First of all, I want to thank you for the recommendations in your opening remarks. So far, I think you're the witness who has given us the most recommendations or solutions to this major issue.
    You talked about the prospect of restructuring of the Canada Border Services Agency. I agree that the priority may have always been to check what's coming into the country rather than what's going out. To fix this crisis, this scourge of car theft, perhaps we need to change that way of doing things, at least in part.
    You also talked about toughening the law. However, I'm particularly interested in reviewing security at the ports.
    You talk about the need to stop organized crime from infiltrating the ports and to review the hiring process at the ports, how they select employees and the security clearance of those employees.
    You're a police officer in Laval, so you must be very familiar with the situation at the Port of Montreal. Do you have any information to the effect that organized crime has fully infiltrated and is present at the Port of Montreal, and that's facilitating the export of stolen vehicles? Of course, I'm well aware of the fact that you can't comment on specific investigations. Be that as it may, the Port of Montreal needs a major boost. People don't dare say it, but we all know a little bit about it. According to the port authority, it's doing everything it can, it has security officers, but they can't open the sealed containers. That's part of the work of police officers, who must have a warrant to open them, for example.
    What do you think needs to be done at the various Canadian ports, but specifically at the Port of Montreal, where obviously it seems easy to get a container in without anybody knowing what's in it? I'll come back to vehicle identification numbers later.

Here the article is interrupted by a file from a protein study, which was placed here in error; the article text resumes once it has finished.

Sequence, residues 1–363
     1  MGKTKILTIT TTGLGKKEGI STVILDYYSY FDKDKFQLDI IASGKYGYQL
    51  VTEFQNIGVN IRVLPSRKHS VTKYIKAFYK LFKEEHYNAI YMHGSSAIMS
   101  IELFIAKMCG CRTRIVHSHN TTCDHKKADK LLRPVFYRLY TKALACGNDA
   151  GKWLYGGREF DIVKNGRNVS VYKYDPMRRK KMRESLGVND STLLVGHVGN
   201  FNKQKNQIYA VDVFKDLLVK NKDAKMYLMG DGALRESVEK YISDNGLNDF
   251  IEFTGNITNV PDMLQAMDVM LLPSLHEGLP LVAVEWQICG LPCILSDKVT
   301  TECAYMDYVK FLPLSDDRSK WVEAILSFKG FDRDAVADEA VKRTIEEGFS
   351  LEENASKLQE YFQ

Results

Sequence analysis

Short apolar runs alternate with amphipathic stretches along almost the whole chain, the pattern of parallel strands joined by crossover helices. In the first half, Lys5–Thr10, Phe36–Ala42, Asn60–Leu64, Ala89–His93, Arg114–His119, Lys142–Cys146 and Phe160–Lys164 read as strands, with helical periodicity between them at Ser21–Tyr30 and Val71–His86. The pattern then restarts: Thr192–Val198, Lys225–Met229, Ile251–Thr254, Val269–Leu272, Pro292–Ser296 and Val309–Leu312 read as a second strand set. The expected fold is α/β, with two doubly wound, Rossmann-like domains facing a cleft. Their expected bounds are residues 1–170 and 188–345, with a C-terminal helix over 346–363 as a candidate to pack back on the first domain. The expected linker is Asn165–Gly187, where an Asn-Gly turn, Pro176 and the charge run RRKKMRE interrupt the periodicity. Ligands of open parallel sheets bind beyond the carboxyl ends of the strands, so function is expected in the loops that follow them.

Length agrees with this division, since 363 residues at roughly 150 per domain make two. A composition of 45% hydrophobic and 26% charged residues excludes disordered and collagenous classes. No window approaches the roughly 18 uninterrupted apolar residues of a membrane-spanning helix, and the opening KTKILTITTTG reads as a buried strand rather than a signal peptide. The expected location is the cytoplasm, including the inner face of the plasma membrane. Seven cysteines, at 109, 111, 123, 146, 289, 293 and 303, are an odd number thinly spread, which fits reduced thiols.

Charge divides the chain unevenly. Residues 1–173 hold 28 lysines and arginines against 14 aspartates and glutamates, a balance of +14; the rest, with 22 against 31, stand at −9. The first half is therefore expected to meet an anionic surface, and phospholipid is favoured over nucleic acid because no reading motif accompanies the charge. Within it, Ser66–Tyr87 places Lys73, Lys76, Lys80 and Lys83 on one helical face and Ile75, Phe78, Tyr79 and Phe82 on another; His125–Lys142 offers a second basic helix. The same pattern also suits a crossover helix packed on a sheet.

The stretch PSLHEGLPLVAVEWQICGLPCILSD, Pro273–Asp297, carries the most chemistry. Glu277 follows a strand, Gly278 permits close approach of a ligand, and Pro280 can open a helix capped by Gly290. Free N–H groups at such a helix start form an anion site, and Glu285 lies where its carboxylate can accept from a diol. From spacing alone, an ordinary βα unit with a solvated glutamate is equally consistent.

I'll let you explain to us further what solutions you think could be introduced at the ports.


     I can tell you what the Association des directeurs de police du Québec thinks about this. The recommendation applies to all Canadian ports, but let's take the Port of Montreal as an example. If thousands of cars can easily be exported overseas from the Port of Montreal, it's not hard to imagine just how many types of illegal trade are going on at the Port of Montreal.
    Having said that, we believe we need to look far beyond auto theft. Canada's ports are strategic and critical infrastructure for the country. Illegal products of all kinds, including vehicles, are often exported or imported at Canadian ports. Organized crime has infiltrated Canadian ports many times in the past. Information emerges regularly about the presence of organized crime. Even if we introduce a series of measures, we mustn't forget that aspect. If there are criminals with ties to organized crime in the port, it will be hard to fight auto theft activity as well as other illegal export or import activity.
    Thank you.